The issue that is Diversity, Equity and Inclusion (DEI) dominated the La Cañada Unified School District Governing Board meeting yet again on Tuesday with dozens of stakeholders reiterating their stance against the initiative.
The board was expected to discuss and adopt the district’s DEI framework and guiding principles for the initiative, as well as its mission statement and definitions, but the panel balked at fully adopting each document due to the language used and a perceived lack of clarity.
Board members ultimately decided to table the framework for adoption at a future meeting, but they did partially approve the other agenda item. They did move forward on approving the mission statement and definition of diversity, but asked staff to work further on the definitions for equity and inclusion.
Josh Epstein, who was elected to the Governing Board last November, said he was conflicted about the decision and wanted the community to know that there is a sense of urgency in moving forward with the DEI initiative.
“I want us to move forward as much as we can because I don’t want there to be the perception, nor do I want us to be in a situation, where it feels like we’re just in some stasis as we’re trying to get everyone to agree on something that everyone is not going to agree on.”
A few members of the public told the district wasn’t being transparent enough with the community regarding its DEI plan, and others urged the district to abandon the initiative altogether because of the belief that it is rooted in critical race theory (CRT), an academic movement that examines the dynamics of how race and racism are expressed throughout institutions, especially law.
To alleviate some of those concerns, the district invited community members that were part of the DEI subcommittees to share their experience in helping the district develop a plan. Those members submitted public comments, which were then read by staff or board members.
Jack Schaedel, who served on the curriculum and instruction subcommittee, assured parents that the district’s initiative is not rooted in CRT.
“I think people are very concerned about critical race theory and what it can mean, and it’s important to distinguish that La Cañada Unified, as led by [Superintendent Wendy Sinnette] and the board members, have rejected that concept and rejected the concept of the 1619 Project, that America was founded on racism,” said Schaedel, who added that the district removed some of its DEI resources that were considered controversial by La Cañada Flintridge parents.
Hugo Tzec was also part of the subcommittee and said the best part of his experience was listening to students.
“I think that’s the best gauge of where the district is at,” Tzec said. “It’s listening to those voices and hearing what they have to say and their hunger for a more diverse curriculum, and I think that really shone through for me. … We really, as a district, should move forward here.”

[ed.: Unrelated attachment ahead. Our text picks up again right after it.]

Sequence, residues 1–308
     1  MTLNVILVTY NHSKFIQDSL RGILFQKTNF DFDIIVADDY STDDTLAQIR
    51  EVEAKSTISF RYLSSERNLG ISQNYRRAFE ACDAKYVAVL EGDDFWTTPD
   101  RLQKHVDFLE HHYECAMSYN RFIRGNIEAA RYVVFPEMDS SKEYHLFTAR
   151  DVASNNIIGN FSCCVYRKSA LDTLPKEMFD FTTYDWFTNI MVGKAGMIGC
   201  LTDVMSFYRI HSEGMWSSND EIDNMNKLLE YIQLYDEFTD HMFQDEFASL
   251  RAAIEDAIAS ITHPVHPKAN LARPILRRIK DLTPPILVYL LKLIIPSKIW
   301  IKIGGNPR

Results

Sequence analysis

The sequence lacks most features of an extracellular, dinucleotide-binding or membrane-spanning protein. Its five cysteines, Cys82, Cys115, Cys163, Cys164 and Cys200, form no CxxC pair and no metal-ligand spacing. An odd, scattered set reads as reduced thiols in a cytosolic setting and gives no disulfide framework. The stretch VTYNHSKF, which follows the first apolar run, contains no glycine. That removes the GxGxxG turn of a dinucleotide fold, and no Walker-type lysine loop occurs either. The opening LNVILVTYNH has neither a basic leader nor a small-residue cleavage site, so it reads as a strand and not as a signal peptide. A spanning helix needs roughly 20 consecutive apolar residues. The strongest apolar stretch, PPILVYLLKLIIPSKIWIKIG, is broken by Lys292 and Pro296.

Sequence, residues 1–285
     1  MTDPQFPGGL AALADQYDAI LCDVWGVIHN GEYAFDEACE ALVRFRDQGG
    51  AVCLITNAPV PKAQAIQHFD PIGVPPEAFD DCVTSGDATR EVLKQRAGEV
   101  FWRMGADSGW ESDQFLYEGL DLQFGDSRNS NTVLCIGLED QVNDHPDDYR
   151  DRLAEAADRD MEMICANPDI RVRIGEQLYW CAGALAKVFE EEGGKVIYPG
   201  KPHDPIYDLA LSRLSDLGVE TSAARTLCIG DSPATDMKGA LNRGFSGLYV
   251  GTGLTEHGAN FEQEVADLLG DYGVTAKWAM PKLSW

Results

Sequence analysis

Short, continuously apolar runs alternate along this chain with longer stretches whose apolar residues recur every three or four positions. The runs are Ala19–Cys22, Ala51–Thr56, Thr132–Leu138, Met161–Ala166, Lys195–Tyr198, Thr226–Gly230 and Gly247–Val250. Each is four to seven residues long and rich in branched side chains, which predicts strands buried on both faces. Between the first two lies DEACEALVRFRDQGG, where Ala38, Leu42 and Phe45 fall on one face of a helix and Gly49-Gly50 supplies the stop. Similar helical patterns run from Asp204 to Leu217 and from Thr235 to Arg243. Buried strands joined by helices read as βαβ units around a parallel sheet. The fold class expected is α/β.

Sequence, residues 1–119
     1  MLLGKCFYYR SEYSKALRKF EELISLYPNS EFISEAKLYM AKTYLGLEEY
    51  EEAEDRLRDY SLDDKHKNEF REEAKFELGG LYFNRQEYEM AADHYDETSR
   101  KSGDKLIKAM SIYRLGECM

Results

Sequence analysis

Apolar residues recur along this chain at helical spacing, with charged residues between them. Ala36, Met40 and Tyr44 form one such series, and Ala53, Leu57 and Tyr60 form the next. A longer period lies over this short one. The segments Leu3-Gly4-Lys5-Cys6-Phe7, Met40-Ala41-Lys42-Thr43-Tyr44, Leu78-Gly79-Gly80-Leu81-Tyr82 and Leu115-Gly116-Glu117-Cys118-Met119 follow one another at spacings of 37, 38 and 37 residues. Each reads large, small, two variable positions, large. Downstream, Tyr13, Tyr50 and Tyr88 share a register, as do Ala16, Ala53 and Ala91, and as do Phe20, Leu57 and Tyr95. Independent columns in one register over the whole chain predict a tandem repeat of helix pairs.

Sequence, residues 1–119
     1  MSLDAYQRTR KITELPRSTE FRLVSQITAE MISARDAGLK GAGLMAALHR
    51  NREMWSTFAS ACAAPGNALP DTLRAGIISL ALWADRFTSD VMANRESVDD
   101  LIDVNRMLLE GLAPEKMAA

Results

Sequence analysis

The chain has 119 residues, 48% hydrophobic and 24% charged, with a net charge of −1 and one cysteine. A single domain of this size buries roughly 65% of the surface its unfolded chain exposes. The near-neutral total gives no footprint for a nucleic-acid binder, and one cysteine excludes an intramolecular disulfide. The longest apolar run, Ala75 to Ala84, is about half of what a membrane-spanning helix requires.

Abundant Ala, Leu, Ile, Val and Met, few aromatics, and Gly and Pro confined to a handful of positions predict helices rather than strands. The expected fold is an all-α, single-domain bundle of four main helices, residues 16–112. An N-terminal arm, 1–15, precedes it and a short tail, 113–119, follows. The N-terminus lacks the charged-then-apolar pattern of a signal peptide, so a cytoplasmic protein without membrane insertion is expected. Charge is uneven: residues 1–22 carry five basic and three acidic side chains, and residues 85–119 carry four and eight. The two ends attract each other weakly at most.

Another subcommittee member who had an enlightening experience was Todd Reynolds, who initially worried that the district’s DEI work was steeped in political ideology but was reassured as it was explained that the students’ mental health and well-being are the core of the initiative.
“I think the way forward was not trying to lean left or lean to the right or avoid something or drill toward something that was politically charged,” Reynolds said, “but it was to try and disentangle all of it and pull out what was most meaningful and beneficial to our students, for their mental health, their preparedness for the future and to find a way to bring all of us parents and community stakeholders together and rally around our students rather than continue the divisiveness over politics.”
Kevin Martin, who was a member of the DEI subcommittee on human resources, echoed his fellow committee members and admitted that the district got off to a “rough start with the best intentions.” He understands that parents’ emotions are high because it involves their children, but asks them to review the district’s DEI goals and guiding principles.
“One thing I would ask our community who have weighed in to do is to slow down a little bit and pay a little closer attention to what district leadership says we want to do and what we don’t want to do,” Martin said. “I came into this wanting to be open-minded, recognizing that we can be better in this community and wanting to be additive and explore new ways that we can better prepare our children for a diverse world in being kind and open-minded and so forth.”
LCUSD EXPANDS REOPENING FOR GRADES 7-12
Sinnette announced that the district will expand reopening for students in grades 7-12 beginning Monday, May 3.
LCSUD will now provide four days of in-person instruction due to the revised Los Angeles County health guidelines that now require only three feet of social distancing between desks as opposed to six. The district reached an agreement with the teachers union to provide in-person instruction for four days rather than two and keep the current bell schedule intact.
La Cañada High School will have students in grades 11 and 12, as well as special education and learning pod students, on campus for four days beginning Monday, and the remainder of students will follow suit the following week.
Expanding the elementary schedule by combining morning and afternoon cohorts and having all students on campus was considered but proved to be more difficult logistically. Sinnette said that 76% of the teachers preferred to keep the current schedule and have district staff focus on opening with a regular schedule in August. All but one member of the reopening committee also favored the current schedule.
Administrators and staff would have had to revise its arrival and dismissal protocols, and Sinnette said that mask fatigue is very real among younger learners.